How to write a ‘lead’ for your blog
(like newspapers do)

Get skim-readers to pay attention to your blog posts.  How?  Start using a ‘lead’, like newspapers do.  This post will tell you why & show you how.

What is a ‘lead’?

A lead is the one-paragraph explanation at the top of an article.  I’ve crafted one at the top of this blog post, in italics, as an example.  (Though it’s not perfect – I’m still learning too!)

The term ‘lead’ comes from the newspaper industry, where a lead is used as a micro-story under the headline to emphasise what made the story ‘newsworthy’ in the first place.  In your blog post, you should use a lead to emphasise what made your story bloggable. Aim to write a short, focused summary that highlights the point of your blog post AND encourages people to read on.

Why you should use a lead:

Newspaper leadYou’ve probably heard time and time again that Internet users have a short attention span, right? Oh, and don’t forget nobody reads anything  anymore – it’s all about skim reading.

So, use a lead to capture attention, to hook users in.

Using a lead will draw in passive skim-readers.  It will encourage people to give your article their full attention.   It will tell people WHY it’s worth reading (i.e. why it was bloggable, or newsworthy in the first place) and why it’s worth their time and effort.

Examples of leads:

Here are some examples of leads from today’s news:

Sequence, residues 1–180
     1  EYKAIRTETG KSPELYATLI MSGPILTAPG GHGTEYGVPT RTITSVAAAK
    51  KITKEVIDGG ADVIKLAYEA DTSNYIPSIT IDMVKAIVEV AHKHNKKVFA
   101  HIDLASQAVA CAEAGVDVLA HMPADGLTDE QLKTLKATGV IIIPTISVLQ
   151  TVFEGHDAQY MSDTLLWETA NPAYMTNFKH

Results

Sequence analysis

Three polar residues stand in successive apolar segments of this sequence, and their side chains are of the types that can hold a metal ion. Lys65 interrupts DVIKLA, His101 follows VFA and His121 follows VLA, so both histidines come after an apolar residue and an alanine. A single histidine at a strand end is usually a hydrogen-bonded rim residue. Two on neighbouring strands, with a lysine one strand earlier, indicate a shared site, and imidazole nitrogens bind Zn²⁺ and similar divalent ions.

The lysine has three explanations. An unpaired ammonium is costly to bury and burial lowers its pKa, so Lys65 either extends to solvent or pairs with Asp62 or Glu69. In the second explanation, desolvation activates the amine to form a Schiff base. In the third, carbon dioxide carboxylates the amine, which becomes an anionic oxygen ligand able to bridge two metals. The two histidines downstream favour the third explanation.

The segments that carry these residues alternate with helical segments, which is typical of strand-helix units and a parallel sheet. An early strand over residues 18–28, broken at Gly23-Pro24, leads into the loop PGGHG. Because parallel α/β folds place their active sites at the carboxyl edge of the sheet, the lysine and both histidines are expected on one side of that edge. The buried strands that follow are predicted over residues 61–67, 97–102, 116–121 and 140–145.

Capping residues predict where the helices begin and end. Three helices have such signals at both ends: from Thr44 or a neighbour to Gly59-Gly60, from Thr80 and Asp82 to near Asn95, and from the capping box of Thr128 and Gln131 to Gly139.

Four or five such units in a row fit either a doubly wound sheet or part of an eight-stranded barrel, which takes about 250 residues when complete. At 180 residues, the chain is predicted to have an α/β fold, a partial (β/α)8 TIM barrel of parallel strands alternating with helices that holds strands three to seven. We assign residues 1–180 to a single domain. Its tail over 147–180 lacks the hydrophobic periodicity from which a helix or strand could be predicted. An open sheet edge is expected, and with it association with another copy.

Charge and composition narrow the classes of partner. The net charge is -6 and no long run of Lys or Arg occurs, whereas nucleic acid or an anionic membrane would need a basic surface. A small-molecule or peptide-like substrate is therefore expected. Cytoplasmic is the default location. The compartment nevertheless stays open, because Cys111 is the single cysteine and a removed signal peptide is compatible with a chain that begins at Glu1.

Newspaper lead example Newspaper lead example 2 Newspaper lead example 3

(Click to view the news item on its original site – in a new window)

As you’ll notice, under each headline is a small summary of the story.  The Guardian uses bullet points on its website, which I think is a fantastic idea!

What to put in your lead:

Here are a few basic tips to get you started:

  • Talk about the actor and the action:
    • Who did what?
  • Make sure you include the main event:
    • Hook people in by explaining specifically what is going on where…
  • Tell people what made this worth blogging:
    • Was there unexpected conflict?
    • Were the ‘elite’ involved?  (For example, Google, a footballer or just somebody well known in your niche).
    • What’s the value, is there something in it for people? (E.g. a freebie or a new tip to help make people more money)

EXAMPLE:  Joe Bloggs explains his suprising reasons for cancelling 2011 SEO conference talk in London, just hours before taking to the stage.

We can pretend that, in this example,  Joe Bloggs is an elite character in the industry.  The fact that his reasons are ‘suprising’ and he let people down just ‘hours before taking to the stage’ makes this story newsworthy.  We’re setting the context by including “who, what, where”.

TIP: Pay attention to the leads used in newspapers (or on news websites) to get a sense for what draws you in.  Try and replicate these in your own blog post leads.

TIP: Writing a really lead will come with experience and tweaking.  If you have the time and resources, try running an A/B split test to see if particular leads result in a lower bounce/exit rate and a higher average time on page value.  Then, note which are more successful and work out why.

How to write a good lead for your blog:

  • Make sure it’s packed with information
  • But keep it short – aim for one short paragraph
  • Ensure it’s clear, concise, focused and to the point
  • Emphasise what made the story worth blogging in the first place

QUESTION:  How long should my lead be?

Try and stick to about 30 words.  You have very limited time to capture potential readers’ attention, so help them grasp the meaning very quickly, pulling them in to read the rest of your blog post.